LEHA v. YONKERS GENERAL HOSPITAL

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Supreme Court, Appellate Division, Second Department, New York.

Krystina LEHA, etc., et al., appellants, v. YONKERS GENERAL HOSPITAL, et al., respondents, et al., defendants.

Decided: October 31, 2005

HOWARD MILLER, J.P., FRED T. SANTUCCI, GLORIA GOLDSTEIN, and MARK C. DILLON, JJ. Warren J. Willinger, New York, N.Y., for appellants. Rende Ryan & Downes, LLP, White Plains, N.Y. (Roland T. Koke of counsel), for respondents Yonkers General Hospital, Christine Sosenko-Porytko, and Hema Santhanam. Westermann, Hamilton, Sheehy, Aydelott & Keenan, LLP, White Plains, N.Y. (Christopher P. Keenan and Roman E. Gitnik of counsel), for respondents Christopher Melcer and Westchester Emergency Medical Center, P.C.

In an action to recover damages for medical malpractice, etc., the plaintiffs appeal from a judgment of the Supreme Court, Westchester County (DiBlasi, J.), dated August 5, 2003, which, upon a jury verdict and upon an order of the same court dated May 22, 2003, denying their motion pursuant to CPLR 4404(a) to set aside the verdict, is in favor of the defendants Yonkers General Hospital, Christine Sosenko-Porytko, Hema Santhanam, Christopher Melcer, and Westchester Emergency Medical Center, P.C., and against them dismissing the complaint insofar as asserted against those defendants.

ORDERED that the judgment is affirmed, with costs.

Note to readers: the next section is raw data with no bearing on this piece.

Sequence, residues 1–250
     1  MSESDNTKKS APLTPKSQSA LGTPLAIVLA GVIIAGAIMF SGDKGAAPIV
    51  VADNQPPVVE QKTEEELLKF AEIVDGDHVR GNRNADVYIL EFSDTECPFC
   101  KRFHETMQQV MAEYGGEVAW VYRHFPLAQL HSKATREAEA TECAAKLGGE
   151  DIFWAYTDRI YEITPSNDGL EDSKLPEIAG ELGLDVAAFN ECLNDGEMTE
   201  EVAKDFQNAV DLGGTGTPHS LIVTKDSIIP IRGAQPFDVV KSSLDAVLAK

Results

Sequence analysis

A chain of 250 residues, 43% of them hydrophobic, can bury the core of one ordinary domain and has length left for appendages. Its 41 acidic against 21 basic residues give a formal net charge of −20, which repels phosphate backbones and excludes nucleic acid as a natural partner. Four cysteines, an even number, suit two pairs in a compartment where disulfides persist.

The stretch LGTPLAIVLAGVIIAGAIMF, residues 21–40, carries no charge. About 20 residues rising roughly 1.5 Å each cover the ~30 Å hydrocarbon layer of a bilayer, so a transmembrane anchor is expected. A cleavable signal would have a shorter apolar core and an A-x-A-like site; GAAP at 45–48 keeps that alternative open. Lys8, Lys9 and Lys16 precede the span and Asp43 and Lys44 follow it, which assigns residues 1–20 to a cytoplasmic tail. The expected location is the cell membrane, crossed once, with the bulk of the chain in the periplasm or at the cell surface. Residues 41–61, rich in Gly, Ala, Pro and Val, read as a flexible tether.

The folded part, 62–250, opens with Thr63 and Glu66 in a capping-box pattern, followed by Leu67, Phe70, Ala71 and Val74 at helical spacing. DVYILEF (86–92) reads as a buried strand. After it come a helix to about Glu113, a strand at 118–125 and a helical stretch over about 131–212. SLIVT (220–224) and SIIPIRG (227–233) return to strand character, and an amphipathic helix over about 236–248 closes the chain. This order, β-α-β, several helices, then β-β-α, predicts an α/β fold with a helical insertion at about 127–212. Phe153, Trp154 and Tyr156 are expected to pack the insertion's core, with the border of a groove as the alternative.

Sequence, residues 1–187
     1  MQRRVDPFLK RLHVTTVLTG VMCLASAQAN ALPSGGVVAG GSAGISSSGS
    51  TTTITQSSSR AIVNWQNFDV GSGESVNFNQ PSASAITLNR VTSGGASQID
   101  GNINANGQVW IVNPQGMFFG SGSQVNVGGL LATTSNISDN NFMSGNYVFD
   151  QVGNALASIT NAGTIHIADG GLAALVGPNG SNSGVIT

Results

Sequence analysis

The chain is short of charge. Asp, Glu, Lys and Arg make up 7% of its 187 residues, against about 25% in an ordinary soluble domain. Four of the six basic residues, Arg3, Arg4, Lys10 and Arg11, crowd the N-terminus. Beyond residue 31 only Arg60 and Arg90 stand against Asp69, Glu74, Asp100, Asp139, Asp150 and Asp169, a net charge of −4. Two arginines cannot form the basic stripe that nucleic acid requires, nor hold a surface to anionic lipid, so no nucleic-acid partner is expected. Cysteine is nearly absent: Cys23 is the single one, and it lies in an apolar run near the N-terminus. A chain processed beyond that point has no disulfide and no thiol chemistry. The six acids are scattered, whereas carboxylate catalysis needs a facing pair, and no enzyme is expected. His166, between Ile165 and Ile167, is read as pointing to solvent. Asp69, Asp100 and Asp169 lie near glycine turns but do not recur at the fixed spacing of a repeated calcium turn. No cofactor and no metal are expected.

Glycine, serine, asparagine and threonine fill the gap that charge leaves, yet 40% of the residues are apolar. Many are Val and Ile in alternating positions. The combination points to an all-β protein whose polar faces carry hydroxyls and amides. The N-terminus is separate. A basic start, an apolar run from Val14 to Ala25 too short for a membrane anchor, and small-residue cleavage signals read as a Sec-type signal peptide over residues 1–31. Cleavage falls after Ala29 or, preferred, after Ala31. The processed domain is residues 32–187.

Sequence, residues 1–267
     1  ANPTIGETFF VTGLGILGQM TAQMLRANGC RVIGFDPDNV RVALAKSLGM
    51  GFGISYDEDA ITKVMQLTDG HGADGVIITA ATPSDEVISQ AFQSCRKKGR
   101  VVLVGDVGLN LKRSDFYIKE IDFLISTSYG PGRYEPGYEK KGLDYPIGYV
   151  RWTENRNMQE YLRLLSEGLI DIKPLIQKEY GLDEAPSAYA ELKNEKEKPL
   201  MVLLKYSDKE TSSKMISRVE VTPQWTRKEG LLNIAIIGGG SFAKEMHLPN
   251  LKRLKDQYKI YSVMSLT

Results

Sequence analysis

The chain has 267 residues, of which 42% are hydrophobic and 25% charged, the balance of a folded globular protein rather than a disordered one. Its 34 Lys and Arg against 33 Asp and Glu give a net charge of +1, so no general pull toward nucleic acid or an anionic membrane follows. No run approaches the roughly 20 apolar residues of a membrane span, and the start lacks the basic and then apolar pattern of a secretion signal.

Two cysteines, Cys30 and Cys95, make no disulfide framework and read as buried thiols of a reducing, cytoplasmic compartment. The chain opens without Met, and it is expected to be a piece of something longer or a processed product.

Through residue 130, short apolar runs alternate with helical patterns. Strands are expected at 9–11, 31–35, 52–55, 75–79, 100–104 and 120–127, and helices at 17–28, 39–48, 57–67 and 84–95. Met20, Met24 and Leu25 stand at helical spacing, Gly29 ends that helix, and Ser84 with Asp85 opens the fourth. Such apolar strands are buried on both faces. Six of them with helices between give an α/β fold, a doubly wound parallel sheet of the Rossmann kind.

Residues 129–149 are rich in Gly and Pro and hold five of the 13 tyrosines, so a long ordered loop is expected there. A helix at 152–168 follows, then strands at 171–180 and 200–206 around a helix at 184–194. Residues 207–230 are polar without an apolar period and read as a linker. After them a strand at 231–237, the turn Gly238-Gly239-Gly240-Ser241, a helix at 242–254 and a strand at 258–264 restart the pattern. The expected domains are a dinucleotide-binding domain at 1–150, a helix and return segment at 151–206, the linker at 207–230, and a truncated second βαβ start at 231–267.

On February 15, 1998, the eight-and-one-half-year-old infant plaintiff, Krystina Leha, was taken to Yonkers General Hospital, where she was admitted for three days and treated for a sore throat.   A throat culture taken at that time proved positive for strep throat.   She was subsequently discharged from the hospital with a seven-day course of amoxicillin.   During the next several months, the infant plaintiff continued to complain of a sore throat and visited the emergency room at Yonkers General Hospital on May 4, 1998, and again on May 18, 1998, where she was seen, respectively, by the defendants Hema Santhanam and Christine Sosenko-Porytko, both nurse practitioners.   Santhanam diagnosed viral pharyngitis and Sosenko-Porytko diagnosed an upper respiratory infection.   On neither occasion was the infant plaintiff admitted to the hospital.   On May 29, 1998, Krystina was having difficulty breathing, and on May 30, 1998, her mother, the plaintiff Robin Carroll, took her to St. Joseph's Medical Center (hereinafter St. Joseph's), where she was seen in the emergency room by the defendant Dr. Christopher Melcer, who discharged her with instructions to gargle, use throat lozenges, and follow up with an ear, nose, and throat specialist.   Krystina's condition worsened overnight and, on May 31, 1998, she returned to St. Joseph's, where she was diagnosed with congestive heart failure.   Thereafter, she was transferred to Westchester County Medical Center, where she was treated, released, and readmitted in June 1998.   The plaintiff was permanently released from the facility on July 2, 1998.   In January 2002 she underwent aortic valve replacement surgery.